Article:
You can copy-and-paste your own version of the above URL from the main page of
your repository. (If you know about SSH, you may also prefer to upload your
public ssh key to GitLab and to use SSH as transport.) The string ``own`` is
the local name you give to the remote, it can be anything.
Now you can push your topic branch to your repository::
......@@ -151,6 +130,24 @@ your branch by `creating a merge request in GitLab
sending a message to kwant-devel@kwant-project.org.
Method 2: Sending patches to the development mailing list
.........................................................
Run the command ::
git format-patch origin/master
This will create “patch” file for each commit on your branch. Now simply send
these patches as email attachments to kwant-devel@kwant-project.org, together
with an explanation of your idea. You do not have to be subscribed to the
mailing list.
(Or, even better, use ``git send-email`` as shown in this `example of usage
<https://kernel.org/pub/software/scm/git/docs/git-send-email.html#_example>`_
and this `git send-email howto
<http://www.freedesktop.org/wiki/Software/PulseAudio/HowToUseGitSendEmail/>`_.)
Coding style
------------
......
......@@ -21,8 +21,9 @@ that are available for GNU/Linux (`Debian <#debian-and-derivatives>`_, `Ubuntu
and `Microsoft Windows`_.
Like most Python packages, `Kwant can be also installed using pip
<#automatic-installation-using-pip>`_. (Note, however, that this will often
result in a Kwant installation that runs significantly slower.)
<#automatic-installation-using-pip>`_. (Be sure to follow this link, since
naive use of pip will likely result in a Kwant installation with significantly
reduced performance.)
If no packages are available for the system you use, or if you would like to
build Kwant from source for another reason (expert users may want to customize
......@@ -34,16 +35,16 @@ Python 3 or Python 2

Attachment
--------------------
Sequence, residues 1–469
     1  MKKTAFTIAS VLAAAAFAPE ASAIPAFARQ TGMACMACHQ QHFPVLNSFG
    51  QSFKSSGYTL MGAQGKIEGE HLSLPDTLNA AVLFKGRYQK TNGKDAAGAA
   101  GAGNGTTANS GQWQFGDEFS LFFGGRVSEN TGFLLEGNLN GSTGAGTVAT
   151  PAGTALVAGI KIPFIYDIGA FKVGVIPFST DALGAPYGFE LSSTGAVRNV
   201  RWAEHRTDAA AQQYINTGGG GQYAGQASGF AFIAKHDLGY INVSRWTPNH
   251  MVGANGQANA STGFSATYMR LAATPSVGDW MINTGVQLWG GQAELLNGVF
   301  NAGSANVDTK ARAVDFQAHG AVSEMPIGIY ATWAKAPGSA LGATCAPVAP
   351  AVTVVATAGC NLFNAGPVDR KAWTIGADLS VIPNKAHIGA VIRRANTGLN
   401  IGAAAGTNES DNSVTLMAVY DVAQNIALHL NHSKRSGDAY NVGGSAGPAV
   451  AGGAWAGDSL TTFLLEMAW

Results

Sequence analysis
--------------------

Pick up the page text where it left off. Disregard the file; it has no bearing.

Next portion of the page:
====================
Before installing Kwant, one has to decide which Python version to use –
Python 3 or Python 2. `Python 3.0
Python 3 or Python 2. (`Python 3.0
<https://docs.python.org/3/whatsnew/3.0.html>`_ was the first ever
intentionally backwards incompatible Python release, i.e. scripts that target
Python 2 will typically not run with Python 3 and above unchanged.
Python 2 will typically not run with Python 3 and above unchanged.)
Kwant releases up to 1.1 require Python 2. Starting with release 1.2, we have
`switched to Python 3 <http://kwant-project.org/doc/1/pre/whatsnew/1.2>`_. We
recommend to use the latest Kwant with Python 3. Those who are stuck with
Python 2 are invited to continue to use Kwant 1.1 which will be maintained for
several years after 2015.
Kwant releases up to 1.1 require Python 2. Starting with release 1.2, Kwant
development has `switched to Python 3
<http://kwant-project.org/doc/1/pre/whatsnew/1.2>`_. We recommend to use the
latest Kwant with Python 3. Those who are stuck with Python 2 can continue to
use Kwant 1.1 which will be maintained for several years after 2015.
The instructions below assume Python 3. They should be also valid for Python
2 if all occurrences of ``python3``, ``pip3``, etc. are replaced by
......
Supports Markdown
0% or .
You are about to add 0 people to the discussion. Proceed with caution.
Finish editing this message first!
Please register or to comment